An acute abdomen is a condition that demands urgent attention and treatment. The acute abdomen may be caused by an infection, inflammation, vascular occlusion, or obstruction. The patient will usually present with sudden onset of abdominal pain with associated nausea or vomiting. This activity reviews the evaluation and treatment of patients presenting with an acute abdomen, and highlights the role of the interprofessional team in caring for these patients.
- Explain how a patient with an acute abdomen might present.
- Describe the evaluation of a patient with an acute abdomen.
- Generate a differential diagnosis for a patient presenting with an acute abdomen.
- Explain how a well-coordinated, interprofessional team approach can improve outcomes for patients presenting with an acute abdomen.
The approach to a patient with an acute abdomen should include a thorough history and physical exam. The causes of an acute abdomen include appendicitis, perforated peptic ulcer, acute pancreatitis, ruptured sigmoid diverticulum, ovarian torsion, volvulus, ruptured aortic aneurysm, lacerated spleen or liver, and ischemic bowel.
Common causes of an acute abdomen include acute appendicitis, cholecystitis, pancreatitis, and diverticulitis. rupture of a hollow viscus or as a complication of inflammatory bowel disease or malignancy. Vascular events causing an acute abdomen include mesenteric ischemia and ruptured abdominal aortic aneurysm. Obstetric and gynecologic causes include ruptured ectopic pregnancy and ovarian torsion. Urologic conditions including ureteral colic and pyelonephritis can also present as acute abdominal pain. Many authors include small bowel obstruction as a cause of acute abdomen. Newborns can present with necrotizing enterocolitis
History and Physical
Various causes of an acute abdomen have classic presentations. Appendicitis is supposed to start with dull periumbilical pain that migrates with time to the right lower quadrant. Pain in various quadrants suggests varying diagnoses. Acute diverticulitis usually lives in the left lower quadrant while cholecystitis is usually felt in the epigastrium or right upper quadrant.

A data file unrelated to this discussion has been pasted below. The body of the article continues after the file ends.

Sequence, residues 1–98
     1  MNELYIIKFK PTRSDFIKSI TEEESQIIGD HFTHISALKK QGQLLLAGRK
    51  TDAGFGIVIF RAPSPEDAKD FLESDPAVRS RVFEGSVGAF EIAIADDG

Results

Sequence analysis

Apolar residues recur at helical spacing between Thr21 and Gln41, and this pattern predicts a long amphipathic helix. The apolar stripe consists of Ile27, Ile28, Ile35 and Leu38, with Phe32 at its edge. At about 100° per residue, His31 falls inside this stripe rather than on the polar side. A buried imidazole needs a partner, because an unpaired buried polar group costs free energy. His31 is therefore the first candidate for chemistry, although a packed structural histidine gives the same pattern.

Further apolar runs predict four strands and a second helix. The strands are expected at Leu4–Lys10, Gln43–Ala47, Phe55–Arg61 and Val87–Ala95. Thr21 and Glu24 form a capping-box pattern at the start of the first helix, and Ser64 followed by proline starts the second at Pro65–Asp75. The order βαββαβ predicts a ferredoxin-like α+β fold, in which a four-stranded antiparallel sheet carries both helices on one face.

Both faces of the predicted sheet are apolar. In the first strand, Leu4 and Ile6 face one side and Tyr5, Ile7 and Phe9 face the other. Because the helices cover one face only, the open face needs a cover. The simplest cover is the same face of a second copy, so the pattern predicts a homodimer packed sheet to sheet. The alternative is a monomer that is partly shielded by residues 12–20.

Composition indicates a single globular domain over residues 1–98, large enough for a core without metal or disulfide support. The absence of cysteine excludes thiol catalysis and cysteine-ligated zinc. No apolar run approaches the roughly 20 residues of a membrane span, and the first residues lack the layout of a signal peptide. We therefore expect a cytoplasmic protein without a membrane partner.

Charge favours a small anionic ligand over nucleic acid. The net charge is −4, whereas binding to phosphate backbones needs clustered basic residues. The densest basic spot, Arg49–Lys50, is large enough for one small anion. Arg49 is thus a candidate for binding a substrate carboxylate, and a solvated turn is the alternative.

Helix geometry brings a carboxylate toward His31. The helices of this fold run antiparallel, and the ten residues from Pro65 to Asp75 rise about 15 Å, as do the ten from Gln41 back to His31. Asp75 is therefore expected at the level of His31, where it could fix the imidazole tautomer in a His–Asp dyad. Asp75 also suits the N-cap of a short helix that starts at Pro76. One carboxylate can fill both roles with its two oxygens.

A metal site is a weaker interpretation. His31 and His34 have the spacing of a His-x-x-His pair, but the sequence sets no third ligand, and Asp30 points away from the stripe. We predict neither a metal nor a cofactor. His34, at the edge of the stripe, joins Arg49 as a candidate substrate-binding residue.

rapid initial diagnosis and treatment of the acute abdomen are crucial. Diagnostic interventions include blood work and imaging. In adults older than 40, a 12 lead ECG can help exclude myocardial infarction as the cause of apparent severe abdominal pain. complete blood count (CBC), metabolic profile and lipase, A urine or serum pregnancy test is needed in the workup of ectopic pregnancy.
A bedside ultrasound in the Emergency Department can diagnose cholecystitis, hydronephrosis, hemoperitoneum, and the presence of an abdominal aortic aneurysm in a less than 5 minutes. Diagnostic ultrasound is the preferred modality for cholecystitis, pediatric appendicitis, ruptured ectopic, and ovarian torsion. Multislice helical CT scanning has made the diagnosis of an acute abdomen much more straightforward. In the majority of cases, intravenous (IV) contrast is sufficient.
Treatment / Management
prompt aggressive fluid resuscitation with adequate large bore IV access. Broad-spectrum antibiotics covering gram-negative enteric organisms should be administered. Adequate pain relief with opioids is a standard of care. The use of anti-emetics is likewise important.
Pearls and Other Issues
Acute abdomen is a condition that demands urgent attention and treatment. The acute abdomen may be caused by an infection, inflammation, vascular occlusion, or obstruction. The patient will usually present with sudden onset of abdominal pain with associated nausea or vomiting. Most patients with an acute abdomen appear ill.
An Interprofessional Approach and Outcomes:
While the general surgeon is almost always involved in the care of patients with an acute abdomen, it is important to consult with an interprofessional team of specialists that include an obstetrician, gynecologist, and a vascular surgeon. The nurses are also a vital member of the interprofessional group as they will monitor the patient’s vital signs. In the postoperative period for pain, wound infection and ileus.